Opportunities and Threats
Netflix has become a synonymous brand with internet streaming of television content and movies. It can capitalize on this brand recognition to grow its business globally. The Netflix service is pure, as that it does not bundle streaming with other products to frustrate customers by bogging them down with unwanted product offerings.
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The focused strategy gives it more resources to deliver quality improvement strategies and exceed customer expectations. The good performance of its shares gives the company an opportunity to raise more funds by selling more shares and using the funds to grow its content portfolio (Taylor par. 3-4).
The company is unable to monitor the intricate details of its service delivery. It relies on internet service providers to offer broadband speeds for streaming. Thus it cannot handle internet service disruptions. It faces a great risk and uncertainty on whether customers will understand the separation of quality obligations between Netflix and ISPs.
Content liabilities threaten Netflix’s financial future. When the company is unable to pay for the content, it will jeopardize its credit situation and miss new content from content providers (Bylund par. 3). Its competitors can, therefore, easily displace Netflix as a content leader in the streaming business (Thompson 1).
Near future trends in the marketplace and society
The growth of mobile device technologies, such as high definition displays on tablets and smartphones, presents a good opportunity for Netflix’s increased demand. Televisions are also becoming internet ready, allowing people to stream directly to their TVs, instead of relying on computers. Gadgets, such as Chromecast, which deliver internet content to televisions through HDMI connection, also increase the number of accessible avenues for Netflix to reach consumers (Netflix par. 2).
The prevalence of internet devices reduces the anxiety of taking up a service that is only available when there is internet (Wirtz, Chew, and Lovelock 34).
Content producers who currently rely on companies like Netflix and cable providers to distribute their content will come up with their streaming services. This will not be competing against the current services, but a diversification strategy that gives them an upper hand in negotiating terms with distributors.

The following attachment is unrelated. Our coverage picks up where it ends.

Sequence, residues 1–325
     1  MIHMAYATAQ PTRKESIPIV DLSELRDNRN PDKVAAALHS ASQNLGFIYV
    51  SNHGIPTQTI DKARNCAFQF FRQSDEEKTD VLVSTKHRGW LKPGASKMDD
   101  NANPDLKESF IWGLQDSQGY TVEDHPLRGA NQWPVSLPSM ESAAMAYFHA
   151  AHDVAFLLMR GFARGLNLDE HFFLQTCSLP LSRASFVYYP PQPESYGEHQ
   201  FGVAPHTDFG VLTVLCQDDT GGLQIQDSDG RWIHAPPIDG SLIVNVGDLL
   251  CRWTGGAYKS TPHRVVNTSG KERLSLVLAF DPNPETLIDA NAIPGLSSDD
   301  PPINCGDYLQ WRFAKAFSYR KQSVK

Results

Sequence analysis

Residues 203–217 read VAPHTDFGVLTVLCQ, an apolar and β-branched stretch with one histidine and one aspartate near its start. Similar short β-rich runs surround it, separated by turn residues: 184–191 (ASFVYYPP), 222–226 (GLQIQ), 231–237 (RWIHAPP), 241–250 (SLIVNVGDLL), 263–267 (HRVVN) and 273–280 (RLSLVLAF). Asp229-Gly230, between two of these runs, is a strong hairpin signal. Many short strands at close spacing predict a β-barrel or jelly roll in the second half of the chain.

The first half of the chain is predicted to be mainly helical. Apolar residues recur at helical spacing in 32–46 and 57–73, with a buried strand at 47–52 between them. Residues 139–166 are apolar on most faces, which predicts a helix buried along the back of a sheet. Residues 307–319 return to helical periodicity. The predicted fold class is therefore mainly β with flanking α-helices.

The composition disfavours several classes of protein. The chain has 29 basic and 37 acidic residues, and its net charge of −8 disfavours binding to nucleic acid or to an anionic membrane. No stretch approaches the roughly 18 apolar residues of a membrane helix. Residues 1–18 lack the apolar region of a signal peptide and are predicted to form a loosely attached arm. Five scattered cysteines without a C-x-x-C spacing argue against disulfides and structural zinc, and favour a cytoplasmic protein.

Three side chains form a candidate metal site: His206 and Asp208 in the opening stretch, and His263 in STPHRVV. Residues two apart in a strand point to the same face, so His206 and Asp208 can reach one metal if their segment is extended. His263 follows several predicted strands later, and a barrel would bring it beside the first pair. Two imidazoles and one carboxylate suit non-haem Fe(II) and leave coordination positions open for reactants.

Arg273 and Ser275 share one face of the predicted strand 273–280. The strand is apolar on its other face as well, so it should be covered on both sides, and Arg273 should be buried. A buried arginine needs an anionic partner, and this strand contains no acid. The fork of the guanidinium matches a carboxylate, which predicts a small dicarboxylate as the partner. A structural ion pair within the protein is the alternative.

Netflix and other distributors like Amazon will also have a substantial investment in content production to mitigate this threat. As a result, there will be a blurring of the nature of business between the producers of content and the distributors. On the customer’s side, the substitutability of services will increase choices and reduce switching costs. It will take longer for a business like Netflix to break even, as its marketing expenditures increase amid the additional competition.
Firms will invest more in the analysis of consumer trends to find out viewing patterns and intentions. The presence of mobile phones and tablets during viewing will make them the co-creators of television experience and redefine the traditional ways of consuming movies and television programs.
Customers are becoming internet savvy, and they can find out information about products before they purchase. The number of mobile phone applications for increasing purchase-related information and product analysis information will increase. The market for streaming services is, therefore, going to be more open.
Barriers to entry will remain low. Websites that currently offer user-uploaded content will allow individuals to form dedicated channels and sell them as premium content to compete directly with services like Netflix (Neal par. 2-5). The prices of streaming services will have to tumble as competition increases.
Buyouts may become the preferred way of acquiring capacity and competitive advantages to reduce the business adaptability to the changes in consumer preferences. When users and competition increase, the segmentation of the market based on content will equally increase to match similar trends witnessed in the cable television industry a few decades ago.
Bylund, Anders. “Netflix Content Costs — Visualized!” 10 February 2014. The Motley Fool. Web. 2 December 2011, <http://www.fool.com/investing/general/2014/02/10/netflix-inc-content-costs-visualized.aspx>.
Neal, Ryan. “YouTube: Premium Content Channels To Charge Paid Monthly Subscription Fee.” 10 May 2013. International Business Times. Web. 2 December 2014, <http://www.ibtimes.com/youtube-premium-content-channels-charge-paid-monthly-subscription-fee-1251585>.
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Netflix. “Post-Play on Google Chromecast.” 9 September 2014. Netflix. Web. 2 December 2014, <http://blog.netflix.com/2014/09/post-play-on-google-chromecast.html>
Taylor, Josh. “Austalian streaming services lock down content before Netflix.” 5 September 2014. ZDNet. Web. 2 December 2014, <http://www.zdnet.com/au/australian-streaming-services-lock-down-content-before-netflix-7000033346/>.
Thompson, Athur A. “Netflix in 2012: Can it Recover From Its Strategy Missteps?” 2012. Web. 2 December, 2014, < https://brainmass.com/file/1448059/net+page+1.pdf>.
Wirtz, Jochen, Patricia Chew, and Christopher Lovelock. Essentials of Services Marketing, 2nd edition. Upper Saddle River, NJ: Pearson Education, 2012. Print.